The start-up has just earned the backing of the world’s top investors, by raising $3.5 million in Series A funding from Breakthrough Energy Ventures, Bill Gates’ investment firm focused on climate change.
The co-founders hope that the breast milk produced by Biomilq from culturing mammary epithelial cells will help reduce the carbon footprint from the global infant formula market.
Beyond Meat and Impossible Foods are two of the best-known companies disrupting the food sector.
Now, the pipeline of alt-food companies includes Biomilq, a North Carolina-based start-up that’s targeting infant nutrition by attempting to reproduce mother’s breast milk in a lab.
While that may seem like a moon shot, Biomilq has just earned the backing of the world’s top investors, raising $3.5 million in Series A funding from Breakthrough Energy Ventures, Bill Gates’ investment firm focused on climate change.
Breakthough Ventures’ investing coalition includes Jeff Bezos, Mark Zuckerberg, Richard Branson, Masayoshi Son, Jack Ma, Michael Bloomberg and Marc Benioff.
Biomilq co-founder and CEO Michelle Egger is a food scientist who worked on the Larabar at General Mills before moving onto business school and a stint at the Gates Foundation. She and her co-founder, CSO Leila Strickland, hope that the breast milk produced by Biomilq from culturing mammary epithelial cells will help reduce the carbon footprint from the global infant formula market, which Fortune Business Insights says will surpass $103 billion by 2026. The top infant formula manufacturers include Abbott Labs, Danone and Nestle.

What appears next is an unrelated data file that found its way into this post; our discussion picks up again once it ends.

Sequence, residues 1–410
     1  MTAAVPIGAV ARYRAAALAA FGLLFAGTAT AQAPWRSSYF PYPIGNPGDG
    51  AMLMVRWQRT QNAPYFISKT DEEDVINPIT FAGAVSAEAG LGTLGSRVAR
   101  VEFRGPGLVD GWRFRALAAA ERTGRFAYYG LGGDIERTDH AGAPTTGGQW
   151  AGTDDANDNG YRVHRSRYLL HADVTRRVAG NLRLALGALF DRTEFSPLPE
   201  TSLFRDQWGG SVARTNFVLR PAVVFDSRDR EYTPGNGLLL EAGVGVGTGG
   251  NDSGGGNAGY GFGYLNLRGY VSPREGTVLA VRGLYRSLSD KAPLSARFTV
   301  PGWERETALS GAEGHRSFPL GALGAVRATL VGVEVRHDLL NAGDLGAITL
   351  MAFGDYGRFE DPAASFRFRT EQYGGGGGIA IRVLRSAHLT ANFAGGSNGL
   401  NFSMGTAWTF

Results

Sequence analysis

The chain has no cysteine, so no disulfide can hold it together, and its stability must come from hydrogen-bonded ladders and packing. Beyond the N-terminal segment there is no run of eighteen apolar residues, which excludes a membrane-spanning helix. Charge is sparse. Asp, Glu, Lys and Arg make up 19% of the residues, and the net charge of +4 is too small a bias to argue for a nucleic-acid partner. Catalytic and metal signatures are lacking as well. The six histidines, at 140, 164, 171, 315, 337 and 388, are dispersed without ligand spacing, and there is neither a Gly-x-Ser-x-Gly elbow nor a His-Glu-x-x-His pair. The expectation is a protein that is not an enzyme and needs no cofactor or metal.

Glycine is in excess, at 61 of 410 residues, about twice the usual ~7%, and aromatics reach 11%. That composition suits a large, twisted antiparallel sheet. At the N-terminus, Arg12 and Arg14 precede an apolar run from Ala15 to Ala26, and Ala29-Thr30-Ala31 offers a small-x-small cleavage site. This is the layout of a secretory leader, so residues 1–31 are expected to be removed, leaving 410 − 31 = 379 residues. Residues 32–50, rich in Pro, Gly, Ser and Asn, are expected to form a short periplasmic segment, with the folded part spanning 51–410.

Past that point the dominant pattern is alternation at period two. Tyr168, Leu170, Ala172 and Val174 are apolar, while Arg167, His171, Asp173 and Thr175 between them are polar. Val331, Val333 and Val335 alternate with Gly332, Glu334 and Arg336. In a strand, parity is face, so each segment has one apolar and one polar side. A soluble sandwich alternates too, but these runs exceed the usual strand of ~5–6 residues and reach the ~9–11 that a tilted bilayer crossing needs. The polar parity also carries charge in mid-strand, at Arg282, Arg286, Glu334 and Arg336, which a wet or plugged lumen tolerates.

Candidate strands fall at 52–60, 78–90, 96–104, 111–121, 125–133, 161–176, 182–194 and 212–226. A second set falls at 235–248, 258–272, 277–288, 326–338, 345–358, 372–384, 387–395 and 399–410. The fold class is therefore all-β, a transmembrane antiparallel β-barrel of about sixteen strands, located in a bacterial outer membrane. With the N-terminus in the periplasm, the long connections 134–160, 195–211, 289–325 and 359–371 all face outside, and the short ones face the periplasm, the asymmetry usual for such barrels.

“Right now, by the estimations we have been able to make, at least 10% of the dairy market globally ends up in infant formula,” Eggers said. “That means per-infant-fed formula in the U.S., 5,700 metric tons of CO2 are produced, and 4,300 gallons of freshwater are consumed each year to feed a child. Parents want to do what’s best for their kids but shouldn’t have to decide between feeding their children and protecting the planet.”
For Strickland, the journey has been more personal. She struggled to breastfeed her son when he was born prematurely.
“Breastfeeding my child had been important to me because of the nutritional and immunological benefits, but my son was born a few weeks early and had a tough time latching on and nursing effectively, so my milk production was not fully stimulated,” Strickland said. Her difficulties with breastfeeding prompted her to look for a solution for other moms struggling with breastfeeding.
While the pair unveiled their proof of concept in February, Eggers says they’re still in the early stages and are looking to fill several positions with the money they’ve raised. They’re not the only player in the space; Singapore’s Turtle Tree Labs is also working to bring cultured breast milk to market. Biomilq’s founders say their mission is to reach more working women, and they hope to have a product on store shelves within five years.
“We can provide better nutrition for the 84% of babies in the U.S. who are switched to formula either partially or exclusively in the first six months of life and reduce the impacts of animal agriculture on our Earth,” Strickland said.